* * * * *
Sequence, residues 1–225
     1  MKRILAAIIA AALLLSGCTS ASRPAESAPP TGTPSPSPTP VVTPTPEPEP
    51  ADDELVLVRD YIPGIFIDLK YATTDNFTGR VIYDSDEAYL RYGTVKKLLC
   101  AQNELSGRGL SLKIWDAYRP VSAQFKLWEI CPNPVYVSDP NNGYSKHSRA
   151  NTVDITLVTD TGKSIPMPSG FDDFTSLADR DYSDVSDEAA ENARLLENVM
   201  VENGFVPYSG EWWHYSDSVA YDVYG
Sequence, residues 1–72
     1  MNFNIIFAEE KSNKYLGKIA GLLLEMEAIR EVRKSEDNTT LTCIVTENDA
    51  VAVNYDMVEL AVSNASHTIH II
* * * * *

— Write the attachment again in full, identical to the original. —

Sequence, residues 1–225
     1  MKRILAAIIA AALLLSGCTS ASRPAESAPP TGTPSPSPTP VVTPTPEPEP
    51  ADDELVLVRD YIPGIFIDLK YATTDNFTGR VIYDSDEAYL RYGTVKKLLC
   101  AQNELSGRGL SLKIWDAYRP VSAQFKLWEI CPNPVYVSDP NNGYSKHSRA
   151  NTVDITLVTD TGKSIPMPSG FDDFTSLADR DYSDVSDEAA ENARLLENVM
   201  VENGFVPYSG EWWHYSDSVA YDVYG
Sequence, residues 1–72
     1  MNFNIIFAEE KSNKYLGKIA GLLLEMEAIR EVRKSEDNTT LTCIVTENDA
    51  VAVNYDMVEL AVSNASHTIH II